CASE REPORT – OPEN ACCESS International Journal of Surgery Case Reports 39 (2017) 309–312

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Laparoscopic management for spontaneous jejunal perforation caused by nonspecific ulcer: A case report Tatsuma Sakaguchi, Katsuji Tokuhara ∗ , Kazuyoshi Nakatani, Masanori Kon Department of Surgery, Kansai Medical University, 10-15 Fumizonocho, Moriguchi, Osaka, 570-8507, Japan

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Article history: Received 24 June 2017 Received in revised form 29 August 2017 Accepted 30 August 2017 Available online 1 September 2017 Keywords: Nonspecific ulcer of jejunum Non-steroidal anti-inflammatory drug induced ulcer Perforation Emergency laparoscopic surgery Case report

a b s t r a c t INTRODUCTION: Nonspecific small bowel ulcers are rare and there have been limited reports. We applied laparoscopic surgery successfully for the perforation caused by this disease of jejunum. Presentation of case: A 70-year-old man visited to our hospital with complaint of abdominal pain and fever. He was diagnosed abdominal peritonitis with findings of intraperitoneal gas and fluid. Emergency laparoscopic surgery was performed. A perforation 5 mm in diameter was recognized in jejunum opposite side of mesentery. Partial resection of jejunum with end-to-end anastomosis and peritoneal lavage were performed. Pathologically, an ulcer was recognized around the blowout perforation without specific inflammation. He was discharged uneventfully 12 days after surgery. CONCLUSION: Laparoscopic surgery has diagnostic and therapeutic advantages because of its lower invasion with a good operation view, and in case of the small bowel, it is easy to shift extra-corporeal maneuver. © 2017 The Authors. Published by Elsevier Ltd on behalf of IJS Publishing Group Ltd. This is an open access article under the CC BY-NC-ND license (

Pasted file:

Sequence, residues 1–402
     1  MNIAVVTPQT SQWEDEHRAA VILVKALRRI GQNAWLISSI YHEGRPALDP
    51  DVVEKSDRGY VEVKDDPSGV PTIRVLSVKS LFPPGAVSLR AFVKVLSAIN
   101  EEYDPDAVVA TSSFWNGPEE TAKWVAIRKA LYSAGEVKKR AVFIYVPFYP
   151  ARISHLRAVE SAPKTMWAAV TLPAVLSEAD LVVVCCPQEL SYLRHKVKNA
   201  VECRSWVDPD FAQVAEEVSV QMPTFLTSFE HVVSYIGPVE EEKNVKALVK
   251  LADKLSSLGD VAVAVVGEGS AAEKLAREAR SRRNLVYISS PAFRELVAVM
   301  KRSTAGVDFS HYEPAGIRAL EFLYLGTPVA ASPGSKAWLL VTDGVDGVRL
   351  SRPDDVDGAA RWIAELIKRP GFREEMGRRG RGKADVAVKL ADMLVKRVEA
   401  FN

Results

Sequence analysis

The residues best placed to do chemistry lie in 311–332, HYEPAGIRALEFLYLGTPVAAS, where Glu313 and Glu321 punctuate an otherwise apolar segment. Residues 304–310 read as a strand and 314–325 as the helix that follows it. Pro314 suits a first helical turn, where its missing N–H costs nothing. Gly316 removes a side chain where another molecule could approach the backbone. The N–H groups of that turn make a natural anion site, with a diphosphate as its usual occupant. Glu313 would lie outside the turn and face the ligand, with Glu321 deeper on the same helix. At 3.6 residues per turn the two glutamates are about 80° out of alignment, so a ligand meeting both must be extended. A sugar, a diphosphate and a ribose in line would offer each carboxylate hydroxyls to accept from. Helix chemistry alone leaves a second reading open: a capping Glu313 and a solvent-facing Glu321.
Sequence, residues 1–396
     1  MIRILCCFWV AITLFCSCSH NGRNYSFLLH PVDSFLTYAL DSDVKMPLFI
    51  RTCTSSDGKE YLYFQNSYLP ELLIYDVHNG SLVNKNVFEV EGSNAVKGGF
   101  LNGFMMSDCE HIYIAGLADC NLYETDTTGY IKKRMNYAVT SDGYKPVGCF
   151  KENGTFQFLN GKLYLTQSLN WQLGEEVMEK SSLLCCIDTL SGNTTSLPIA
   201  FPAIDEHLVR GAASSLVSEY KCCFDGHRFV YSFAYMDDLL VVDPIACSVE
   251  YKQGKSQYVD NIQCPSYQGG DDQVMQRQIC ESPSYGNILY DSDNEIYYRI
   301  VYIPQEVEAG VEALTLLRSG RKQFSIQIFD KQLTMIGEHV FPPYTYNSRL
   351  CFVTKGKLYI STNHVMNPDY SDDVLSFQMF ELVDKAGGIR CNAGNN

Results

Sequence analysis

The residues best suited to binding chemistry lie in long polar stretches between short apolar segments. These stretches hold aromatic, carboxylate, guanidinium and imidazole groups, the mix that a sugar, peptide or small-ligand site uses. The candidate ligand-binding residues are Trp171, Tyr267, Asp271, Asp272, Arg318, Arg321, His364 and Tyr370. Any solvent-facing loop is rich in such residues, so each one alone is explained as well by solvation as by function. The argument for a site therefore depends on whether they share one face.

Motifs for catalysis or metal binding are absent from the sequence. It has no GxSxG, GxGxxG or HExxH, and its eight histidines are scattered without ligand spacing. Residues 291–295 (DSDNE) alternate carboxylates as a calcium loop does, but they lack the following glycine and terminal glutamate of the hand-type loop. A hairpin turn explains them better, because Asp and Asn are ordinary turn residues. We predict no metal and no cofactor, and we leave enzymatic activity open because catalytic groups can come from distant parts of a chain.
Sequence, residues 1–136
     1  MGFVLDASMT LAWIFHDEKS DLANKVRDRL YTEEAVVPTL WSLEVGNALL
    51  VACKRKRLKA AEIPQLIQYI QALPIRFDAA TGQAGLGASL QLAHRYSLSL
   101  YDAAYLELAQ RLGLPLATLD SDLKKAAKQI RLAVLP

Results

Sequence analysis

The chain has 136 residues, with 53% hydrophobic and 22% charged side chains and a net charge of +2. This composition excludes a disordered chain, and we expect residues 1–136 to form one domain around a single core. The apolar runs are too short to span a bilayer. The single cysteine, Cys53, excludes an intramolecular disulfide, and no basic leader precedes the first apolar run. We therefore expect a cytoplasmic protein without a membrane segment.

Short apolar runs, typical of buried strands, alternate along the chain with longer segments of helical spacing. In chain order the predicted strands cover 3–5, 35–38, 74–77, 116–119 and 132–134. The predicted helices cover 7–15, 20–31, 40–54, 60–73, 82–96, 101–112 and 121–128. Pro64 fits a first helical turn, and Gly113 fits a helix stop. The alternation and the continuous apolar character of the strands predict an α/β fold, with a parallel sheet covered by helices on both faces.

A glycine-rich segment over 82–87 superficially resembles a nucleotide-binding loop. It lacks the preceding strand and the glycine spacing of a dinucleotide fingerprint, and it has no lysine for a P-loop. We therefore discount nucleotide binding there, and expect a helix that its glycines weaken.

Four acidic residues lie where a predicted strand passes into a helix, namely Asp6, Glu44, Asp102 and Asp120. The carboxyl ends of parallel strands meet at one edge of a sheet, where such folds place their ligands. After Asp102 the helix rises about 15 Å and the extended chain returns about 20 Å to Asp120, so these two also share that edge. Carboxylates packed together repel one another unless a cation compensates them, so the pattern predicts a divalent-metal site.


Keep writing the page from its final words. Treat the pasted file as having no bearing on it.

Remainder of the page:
1. Introduction

2. Presentation of case

Nonspecific small bowel ulcer is a rare disease. A reported incidence is approximately 4 small bowel ulcerations per 100,000 individuals [1]. It was first described by Baillie in 1795 [2], and the etiology remains unknown. The nomenclatures for these conditions differed from case to case, included primary nonspecific smallbowel ulcer, idiopathic ulcer of the small bowel, and nonspecific small-bowel ulcer [3]. Complications resulting from nonspecific small bowel ulcers have been reported previously [1], including intermittent small bowel obstruction, blood loss and acute abdomen. As the diagnosis can only be established after the exclusion of all other possible causes of small bowel ulcer, in case of acute abdomen, diagnosis is seldom made preoperatively. For perforative peritonitis, regardless of the cause, laparotomy has historically represented the gold standard treatment. Recently, however, the use of laparoscopy for abdominal emergencies has gained widespread acceptance due to various diagnostic and therapeutic advantages. Herein, we report a rare case of perforated nonspecific ulcer of small bowel successfully treated by laparoscopic surgery. This case report has been reported in line with the SCARE criteria [4] http://www.